- Last Tuesday, Trump delivered a triumphant State of the Union address — a brilliantly written speech, but also one that he never could have delivered if not for the current economic circumstances. Trump’s best asset is his ability to point to everything that is going well. Democrats have no recourse but to quibble over minor errors.
House Speaker Nancy Pelosi made a wise sacrificial move by tearing up her copy of his speech at the end. As much as this enraged Trump’s supporters and boosted his fundraising, it also got people talking about something other than Trump’s speech — which, again, was brilliant. Delivered at a moment when Trump’s approval was already 49 percent in Gallup — an all-time high for him — it puts him in better shape for re-election than anyone could have reasonably expected. Trump wisely focused on issues (school choice) and people (one of the last living Tuskegee airmen) important to African Americans — another sign that he plans to make a huge push to wrest this solidly Democratic vote away.
- On Wednesday, Trump was acquitted in his Senate impeachment trial. There was only one fly in the ointment here: Sen. Mitt Romney, R-Utah, voted for the “abuse of power” article — the only Republican in either chamber of Congress to support the impeachment in any way. This means that there’s an asterisk when he refers to the impeachment as “partisan.” It’s still true on the main, and opposition to impeachment (in the House) was more bipartisan than support for it was, but it is what it is.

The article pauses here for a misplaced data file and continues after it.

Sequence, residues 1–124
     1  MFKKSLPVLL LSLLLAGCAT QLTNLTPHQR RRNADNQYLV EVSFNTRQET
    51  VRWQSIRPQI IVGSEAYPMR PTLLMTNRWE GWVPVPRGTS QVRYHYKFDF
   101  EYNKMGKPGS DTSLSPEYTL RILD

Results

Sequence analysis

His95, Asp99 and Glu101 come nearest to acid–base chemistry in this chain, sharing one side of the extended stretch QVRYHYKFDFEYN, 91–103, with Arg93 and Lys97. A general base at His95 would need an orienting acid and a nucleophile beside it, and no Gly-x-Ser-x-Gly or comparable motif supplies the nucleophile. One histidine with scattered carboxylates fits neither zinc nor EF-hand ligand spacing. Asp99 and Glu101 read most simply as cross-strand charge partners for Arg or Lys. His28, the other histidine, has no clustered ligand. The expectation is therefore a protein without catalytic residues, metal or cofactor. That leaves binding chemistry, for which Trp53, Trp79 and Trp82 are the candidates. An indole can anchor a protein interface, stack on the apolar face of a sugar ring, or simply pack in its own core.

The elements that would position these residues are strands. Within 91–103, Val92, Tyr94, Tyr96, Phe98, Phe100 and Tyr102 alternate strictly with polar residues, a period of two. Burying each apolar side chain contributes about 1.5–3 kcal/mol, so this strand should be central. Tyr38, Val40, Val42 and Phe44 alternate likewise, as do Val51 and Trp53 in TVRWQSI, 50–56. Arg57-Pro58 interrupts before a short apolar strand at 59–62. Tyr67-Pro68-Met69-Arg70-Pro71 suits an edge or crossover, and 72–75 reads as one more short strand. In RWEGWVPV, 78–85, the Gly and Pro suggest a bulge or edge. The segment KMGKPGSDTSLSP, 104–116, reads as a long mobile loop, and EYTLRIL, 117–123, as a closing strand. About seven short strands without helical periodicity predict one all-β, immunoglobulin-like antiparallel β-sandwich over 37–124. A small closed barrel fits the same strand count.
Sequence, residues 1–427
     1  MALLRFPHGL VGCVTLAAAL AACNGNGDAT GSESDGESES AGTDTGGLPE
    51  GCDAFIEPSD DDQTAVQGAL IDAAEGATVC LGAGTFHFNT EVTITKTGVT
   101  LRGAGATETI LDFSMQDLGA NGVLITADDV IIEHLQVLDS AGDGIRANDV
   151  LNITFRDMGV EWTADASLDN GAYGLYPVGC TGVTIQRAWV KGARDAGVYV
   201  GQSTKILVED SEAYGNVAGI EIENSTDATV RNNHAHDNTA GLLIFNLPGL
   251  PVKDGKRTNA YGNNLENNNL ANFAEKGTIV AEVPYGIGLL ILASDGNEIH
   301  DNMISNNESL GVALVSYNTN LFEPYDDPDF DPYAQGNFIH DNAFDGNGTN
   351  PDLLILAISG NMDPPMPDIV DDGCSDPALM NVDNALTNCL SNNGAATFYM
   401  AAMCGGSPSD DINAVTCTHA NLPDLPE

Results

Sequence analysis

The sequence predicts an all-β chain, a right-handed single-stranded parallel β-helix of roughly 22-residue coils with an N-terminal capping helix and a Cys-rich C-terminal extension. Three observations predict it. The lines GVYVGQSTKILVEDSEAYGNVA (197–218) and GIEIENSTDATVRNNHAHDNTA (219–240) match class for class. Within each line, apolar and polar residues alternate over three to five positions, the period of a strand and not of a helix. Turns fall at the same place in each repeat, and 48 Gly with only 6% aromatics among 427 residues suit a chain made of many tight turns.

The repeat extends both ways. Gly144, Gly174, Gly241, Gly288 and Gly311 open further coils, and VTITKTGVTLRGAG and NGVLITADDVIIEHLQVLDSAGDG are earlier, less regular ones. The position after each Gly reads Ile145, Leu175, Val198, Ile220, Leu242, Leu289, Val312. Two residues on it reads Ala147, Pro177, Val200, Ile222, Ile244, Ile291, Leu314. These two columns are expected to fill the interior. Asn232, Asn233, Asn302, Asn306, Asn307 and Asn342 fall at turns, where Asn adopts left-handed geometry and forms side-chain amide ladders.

Still, Republicans put an end to a trial whose outcome had been known well in advance. Democrats had hoped for its continuation as a means of wounding Trump politically, and that’s over. Now they have to defend a failed impeachment, about which Trump will no doubt spend the next eight months boasting. The jury is out as to how this will be judged by the public, but the early returns suggest that the impeachment process has lost credibility with time.
Republican senators probably will not be put in great danger by their votes to acquit. Many of them made the very defensible argument that, even stipulating to Trump’s actions on Ukraine precisely as Democrat characterized them, it simply didn’t rise to the level of impeachment. It wasn’t a serious process in that sense — it was undertaken with political goals in mind and it has been put out of its misery. Moreover, no one in real life is afraid that there has been a breakdown in the rule of law — markets would have tanked, whereas in fact they spend most of the week rallying.